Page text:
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Drugs and psoriasis skin products aren't the only way to treat your disease. Lifestyle changes can also make your skin feel and look better.

Try these tips to calm psoriasis flare-ups, remove scale, promote healing, and soothe itchy, inflamed skin.

Moisturize

It's one of the simplest and best things you can do for your skin when you have psoriasis. Keep your skin moist to help lessen dryness, itching, redness, soreness, and scaling. Moisture can also help your skin heal.

Which type of moisturizer you use depends on how dry your skin is. Ointments are thick, heavy, and good at locking in moisture. Lotions are thinner and smooth on easier. Creams fall somewhere in between. And you don't have to slather on high-priced moisturizers. Petroleum jelly or Crisco shortening is cheap and works well.

Gently pat on moisturizer after your bath or shower. Apply again when you change your clothes and during the day as needed. If it's cold or dry outside, you may need to apply it more often.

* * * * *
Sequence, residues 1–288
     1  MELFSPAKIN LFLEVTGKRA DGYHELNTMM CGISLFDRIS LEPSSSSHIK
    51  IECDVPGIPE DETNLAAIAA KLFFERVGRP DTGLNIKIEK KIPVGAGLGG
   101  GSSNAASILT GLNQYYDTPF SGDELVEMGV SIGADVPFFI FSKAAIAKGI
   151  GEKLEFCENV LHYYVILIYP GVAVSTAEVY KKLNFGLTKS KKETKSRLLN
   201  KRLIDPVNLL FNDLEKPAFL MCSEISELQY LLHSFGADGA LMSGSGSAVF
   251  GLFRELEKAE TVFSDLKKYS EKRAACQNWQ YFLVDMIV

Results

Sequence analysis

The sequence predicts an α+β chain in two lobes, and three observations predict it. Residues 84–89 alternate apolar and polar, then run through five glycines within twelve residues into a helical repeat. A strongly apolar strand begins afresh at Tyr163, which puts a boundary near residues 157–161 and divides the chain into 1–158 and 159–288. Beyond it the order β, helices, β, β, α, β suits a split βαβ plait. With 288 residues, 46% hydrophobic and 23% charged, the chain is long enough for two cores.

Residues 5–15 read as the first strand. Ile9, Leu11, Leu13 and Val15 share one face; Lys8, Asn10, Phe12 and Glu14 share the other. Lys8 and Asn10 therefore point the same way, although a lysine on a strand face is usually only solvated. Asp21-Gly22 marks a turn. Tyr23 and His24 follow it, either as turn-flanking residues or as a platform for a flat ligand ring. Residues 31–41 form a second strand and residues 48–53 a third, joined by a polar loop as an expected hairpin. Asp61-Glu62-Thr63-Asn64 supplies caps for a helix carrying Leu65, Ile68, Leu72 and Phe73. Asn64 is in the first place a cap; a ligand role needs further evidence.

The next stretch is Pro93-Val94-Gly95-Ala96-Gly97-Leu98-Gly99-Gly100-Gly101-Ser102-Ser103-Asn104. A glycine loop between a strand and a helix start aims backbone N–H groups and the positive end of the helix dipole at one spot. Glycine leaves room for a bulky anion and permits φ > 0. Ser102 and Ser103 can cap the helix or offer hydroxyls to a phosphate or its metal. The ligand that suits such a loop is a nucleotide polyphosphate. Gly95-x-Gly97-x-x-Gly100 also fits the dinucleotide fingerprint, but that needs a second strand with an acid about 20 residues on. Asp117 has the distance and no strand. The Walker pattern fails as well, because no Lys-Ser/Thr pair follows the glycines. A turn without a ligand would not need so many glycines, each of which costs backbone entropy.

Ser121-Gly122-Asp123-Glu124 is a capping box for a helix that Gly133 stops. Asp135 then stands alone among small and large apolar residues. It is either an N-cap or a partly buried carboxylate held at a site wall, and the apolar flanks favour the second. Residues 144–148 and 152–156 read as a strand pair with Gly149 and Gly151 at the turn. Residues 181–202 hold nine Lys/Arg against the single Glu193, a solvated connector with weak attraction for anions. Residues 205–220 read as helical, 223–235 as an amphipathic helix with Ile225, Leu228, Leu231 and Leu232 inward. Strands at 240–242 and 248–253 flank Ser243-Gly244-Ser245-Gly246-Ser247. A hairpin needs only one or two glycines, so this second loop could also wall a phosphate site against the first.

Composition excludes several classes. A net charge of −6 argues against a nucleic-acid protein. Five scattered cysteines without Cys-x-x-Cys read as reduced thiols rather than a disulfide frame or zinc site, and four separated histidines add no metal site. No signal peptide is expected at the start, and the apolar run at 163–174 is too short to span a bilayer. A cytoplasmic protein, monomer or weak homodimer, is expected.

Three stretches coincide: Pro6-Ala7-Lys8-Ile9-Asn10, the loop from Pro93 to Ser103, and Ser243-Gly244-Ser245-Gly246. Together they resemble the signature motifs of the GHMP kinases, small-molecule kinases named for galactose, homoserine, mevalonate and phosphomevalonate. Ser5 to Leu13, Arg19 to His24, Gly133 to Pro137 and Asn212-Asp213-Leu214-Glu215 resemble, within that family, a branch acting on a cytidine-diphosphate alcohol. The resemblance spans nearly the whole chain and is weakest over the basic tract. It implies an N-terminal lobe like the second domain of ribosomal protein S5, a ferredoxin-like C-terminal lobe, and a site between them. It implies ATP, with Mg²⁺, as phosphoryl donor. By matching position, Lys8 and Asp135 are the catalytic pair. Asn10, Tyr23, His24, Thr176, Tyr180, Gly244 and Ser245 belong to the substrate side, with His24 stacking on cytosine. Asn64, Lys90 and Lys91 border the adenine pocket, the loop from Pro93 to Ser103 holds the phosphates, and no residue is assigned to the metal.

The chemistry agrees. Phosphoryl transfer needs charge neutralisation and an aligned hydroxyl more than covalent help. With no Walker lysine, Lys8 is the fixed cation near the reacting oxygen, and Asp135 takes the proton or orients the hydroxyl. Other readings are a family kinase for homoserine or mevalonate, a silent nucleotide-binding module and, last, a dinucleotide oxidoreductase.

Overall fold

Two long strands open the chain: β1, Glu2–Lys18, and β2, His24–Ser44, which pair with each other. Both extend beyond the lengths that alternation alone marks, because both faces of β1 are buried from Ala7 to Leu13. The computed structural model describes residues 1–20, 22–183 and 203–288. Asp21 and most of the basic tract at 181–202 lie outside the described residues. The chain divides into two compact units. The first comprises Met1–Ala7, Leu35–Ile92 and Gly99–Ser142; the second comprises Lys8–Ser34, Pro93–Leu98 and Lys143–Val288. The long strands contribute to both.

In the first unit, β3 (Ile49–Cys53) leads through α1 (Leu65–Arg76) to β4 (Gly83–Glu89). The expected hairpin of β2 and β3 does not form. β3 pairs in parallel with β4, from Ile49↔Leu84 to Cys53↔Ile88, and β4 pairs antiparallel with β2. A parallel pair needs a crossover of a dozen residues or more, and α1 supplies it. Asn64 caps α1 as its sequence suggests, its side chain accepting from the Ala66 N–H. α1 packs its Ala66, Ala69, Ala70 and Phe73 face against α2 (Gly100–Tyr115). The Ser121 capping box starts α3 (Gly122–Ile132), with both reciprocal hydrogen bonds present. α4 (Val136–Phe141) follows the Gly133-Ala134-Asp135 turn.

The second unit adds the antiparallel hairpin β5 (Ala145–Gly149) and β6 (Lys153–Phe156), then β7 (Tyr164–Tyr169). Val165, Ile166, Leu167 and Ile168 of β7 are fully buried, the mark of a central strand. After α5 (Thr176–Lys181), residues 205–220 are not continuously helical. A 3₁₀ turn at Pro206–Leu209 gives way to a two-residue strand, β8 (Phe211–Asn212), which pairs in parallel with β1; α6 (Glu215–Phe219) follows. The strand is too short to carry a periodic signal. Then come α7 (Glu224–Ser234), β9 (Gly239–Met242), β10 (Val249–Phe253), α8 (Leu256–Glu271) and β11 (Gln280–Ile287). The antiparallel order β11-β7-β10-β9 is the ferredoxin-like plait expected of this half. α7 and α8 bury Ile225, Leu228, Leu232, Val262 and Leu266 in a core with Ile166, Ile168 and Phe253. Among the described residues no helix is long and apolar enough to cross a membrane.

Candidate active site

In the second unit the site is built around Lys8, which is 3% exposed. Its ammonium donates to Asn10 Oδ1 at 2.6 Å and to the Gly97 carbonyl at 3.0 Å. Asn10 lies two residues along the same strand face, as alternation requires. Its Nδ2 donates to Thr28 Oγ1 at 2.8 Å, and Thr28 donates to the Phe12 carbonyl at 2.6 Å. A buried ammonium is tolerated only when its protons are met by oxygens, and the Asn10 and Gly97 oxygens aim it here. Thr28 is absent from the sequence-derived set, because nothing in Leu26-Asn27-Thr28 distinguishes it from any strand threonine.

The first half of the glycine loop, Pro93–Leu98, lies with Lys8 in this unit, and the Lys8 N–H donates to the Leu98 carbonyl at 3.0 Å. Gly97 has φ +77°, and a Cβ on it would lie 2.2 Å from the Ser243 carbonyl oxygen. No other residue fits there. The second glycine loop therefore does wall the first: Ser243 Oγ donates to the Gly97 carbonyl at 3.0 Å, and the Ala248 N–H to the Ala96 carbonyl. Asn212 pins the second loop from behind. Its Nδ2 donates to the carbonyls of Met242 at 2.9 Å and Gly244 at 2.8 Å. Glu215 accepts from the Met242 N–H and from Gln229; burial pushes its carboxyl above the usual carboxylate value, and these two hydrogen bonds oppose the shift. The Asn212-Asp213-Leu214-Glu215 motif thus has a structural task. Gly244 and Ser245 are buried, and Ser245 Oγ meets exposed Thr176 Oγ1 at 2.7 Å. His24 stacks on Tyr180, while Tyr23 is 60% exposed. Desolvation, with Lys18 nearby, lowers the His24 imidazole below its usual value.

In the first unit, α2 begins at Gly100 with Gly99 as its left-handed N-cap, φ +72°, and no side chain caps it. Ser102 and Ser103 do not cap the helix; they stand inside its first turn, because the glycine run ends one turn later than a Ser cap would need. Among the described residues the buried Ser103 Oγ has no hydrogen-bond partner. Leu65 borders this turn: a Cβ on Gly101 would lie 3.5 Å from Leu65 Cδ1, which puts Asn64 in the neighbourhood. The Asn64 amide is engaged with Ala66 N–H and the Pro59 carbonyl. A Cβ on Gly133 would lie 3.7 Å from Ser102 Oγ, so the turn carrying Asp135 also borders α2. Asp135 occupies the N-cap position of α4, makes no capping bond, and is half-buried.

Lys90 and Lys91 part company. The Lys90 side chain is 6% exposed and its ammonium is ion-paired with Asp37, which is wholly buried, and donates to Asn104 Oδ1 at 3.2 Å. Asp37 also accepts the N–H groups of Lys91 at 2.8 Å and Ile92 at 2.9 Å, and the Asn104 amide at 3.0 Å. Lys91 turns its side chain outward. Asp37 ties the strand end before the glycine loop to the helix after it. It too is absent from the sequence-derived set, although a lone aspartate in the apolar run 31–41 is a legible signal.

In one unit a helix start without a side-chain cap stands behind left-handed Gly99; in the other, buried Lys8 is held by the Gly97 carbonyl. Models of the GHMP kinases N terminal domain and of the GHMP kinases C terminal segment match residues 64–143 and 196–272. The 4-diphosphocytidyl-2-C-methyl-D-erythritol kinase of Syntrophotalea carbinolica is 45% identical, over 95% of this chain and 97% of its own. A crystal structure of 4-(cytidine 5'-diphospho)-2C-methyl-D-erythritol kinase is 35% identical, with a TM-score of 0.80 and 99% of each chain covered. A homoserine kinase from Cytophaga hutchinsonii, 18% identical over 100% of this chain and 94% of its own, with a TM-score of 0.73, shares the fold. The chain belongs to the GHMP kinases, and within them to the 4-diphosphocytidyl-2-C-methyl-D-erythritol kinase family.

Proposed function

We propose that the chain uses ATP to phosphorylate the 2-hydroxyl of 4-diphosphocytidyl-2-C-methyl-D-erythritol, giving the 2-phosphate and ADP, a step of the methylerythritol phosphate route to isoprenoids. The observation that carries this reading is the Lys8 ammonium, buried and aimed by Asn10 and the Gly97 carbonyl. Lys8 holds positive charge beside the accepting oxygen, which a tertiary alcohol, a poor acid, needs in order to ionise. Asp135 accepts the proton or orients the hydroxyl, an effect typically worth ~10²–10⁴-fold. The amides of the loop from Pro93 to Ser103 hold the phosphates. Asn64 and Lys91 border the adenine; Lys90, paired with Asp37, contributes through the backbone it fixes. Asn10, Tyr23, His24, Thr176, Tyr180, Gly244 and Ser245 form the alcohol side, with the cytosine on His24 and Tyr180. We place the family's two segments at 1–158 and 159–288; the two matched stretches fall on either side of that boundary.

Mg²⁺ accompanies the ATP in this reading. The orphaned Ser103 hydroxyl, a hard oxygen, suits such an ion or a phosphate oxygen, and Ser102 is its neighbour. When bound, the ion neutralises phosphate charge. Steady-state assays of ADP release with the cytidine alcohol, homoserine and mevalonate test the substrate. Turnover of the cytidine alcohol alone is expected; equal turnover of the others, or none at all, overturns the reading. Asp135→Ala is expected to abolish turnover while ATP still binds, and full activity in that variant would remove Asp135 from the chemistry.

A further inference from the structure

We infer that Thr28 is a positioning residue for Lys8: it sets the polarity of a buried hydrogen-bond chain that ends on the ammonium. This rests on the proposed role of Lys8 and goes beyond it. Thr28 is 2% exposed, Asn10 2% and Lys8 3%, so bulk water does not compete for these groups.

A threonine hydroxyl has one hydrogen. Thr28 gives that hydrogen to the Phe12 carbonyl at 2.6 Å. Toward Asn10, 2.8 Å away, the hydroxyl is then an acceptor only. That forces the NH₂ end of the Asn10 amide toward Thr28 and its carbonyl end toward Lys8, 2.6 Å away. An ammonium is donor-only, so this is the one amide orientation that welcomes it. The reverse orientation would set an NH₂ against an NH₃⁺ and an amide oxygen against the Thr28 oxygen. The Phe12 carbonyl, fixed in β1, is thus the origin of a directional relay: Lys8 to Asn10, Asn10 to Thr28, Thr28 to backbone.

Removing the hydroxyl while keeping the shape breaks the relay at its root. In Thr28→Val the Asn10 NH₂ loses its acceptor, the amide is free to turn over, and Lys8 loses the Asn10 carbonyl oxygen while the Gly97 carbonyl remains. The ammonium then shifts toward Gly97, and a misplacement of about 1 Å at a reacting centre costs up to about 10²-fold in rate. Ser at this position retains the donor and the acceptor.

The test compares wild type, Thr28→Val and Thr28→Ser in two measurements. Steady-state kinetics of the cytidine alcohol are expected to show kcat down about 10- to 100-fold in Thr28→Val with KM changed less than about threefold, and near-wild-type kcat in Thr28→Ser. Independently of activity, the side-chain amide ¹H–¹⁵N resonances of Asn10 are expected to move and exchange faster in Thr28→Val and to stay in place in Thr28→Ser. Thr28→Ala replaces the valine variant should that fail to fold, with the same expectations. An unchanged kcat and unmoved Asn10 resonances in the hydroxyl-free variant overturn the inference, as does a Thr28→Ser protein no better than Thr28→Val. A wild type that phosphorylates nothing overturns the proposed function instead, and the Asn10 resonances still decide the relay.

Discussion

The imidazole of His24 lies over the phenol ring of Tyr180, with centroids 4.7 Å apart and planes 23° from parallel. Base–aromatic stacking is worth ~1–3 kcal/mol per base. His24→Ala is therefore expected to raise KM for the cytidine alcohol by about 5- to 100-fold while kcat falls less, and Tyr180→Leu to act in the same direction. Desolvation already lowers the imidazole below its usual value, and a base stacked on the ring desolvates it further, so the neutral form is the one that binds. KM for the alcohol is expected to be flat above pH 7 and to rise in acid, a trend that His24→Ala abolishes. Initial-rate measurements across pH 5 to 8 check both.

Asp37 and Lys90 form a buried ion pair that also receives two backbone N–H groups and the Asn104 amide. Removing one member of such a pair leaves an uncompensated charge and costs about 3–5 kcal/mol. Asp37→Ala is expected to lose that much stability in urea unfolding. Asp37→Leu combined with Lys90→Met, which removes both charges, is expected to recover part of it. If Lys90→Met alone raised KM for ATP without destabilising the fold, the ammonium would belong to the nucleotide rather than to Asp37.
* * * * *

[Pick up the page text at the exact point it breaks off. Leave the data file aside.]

Soothe With Daily Baths

A daily warm bath using a mild soap can help soothe your itchy spots and make it easier to remove dry skin.

Add oil, colloidal oatmeal, Epsom salt, or Dead Sea salt to the water and soak for 15 minutes for even more relief. Steer clear of hot water or harsh soaps while you bathe. They're hard on skin that's already dry and stressed.

Gently pat your skin dry instead of rubbing it with a towel. Rubbing can make lesions worse and cause new ones. After you pat your skin dry, pat on moisturizer.

If you're itchy and dry but don't have time for a bath, use this quick fix: Put a wet towel or cold compress on the spot.

Heal With Sunlight

A little ultraviolet (UV) light can go a long way to soothe, improve, or even heal psoriasis lesions. You can use indoor light for UV therapy during the fall and winter. Sunlight is good in spring and summer.

Get modest amounts of UV light two or three times a week. Use sunscreen on the parts of your body that don't have psoriasis outbreaks. Just be careful: Too much sun (or sunburn) raises your risk of skin cancer and may make psoriasis outbreaks worse.

Talk to your doctor before adding UV therapy to your skin care routine. Schedule regular skin checkups to be sure you're staying safe.

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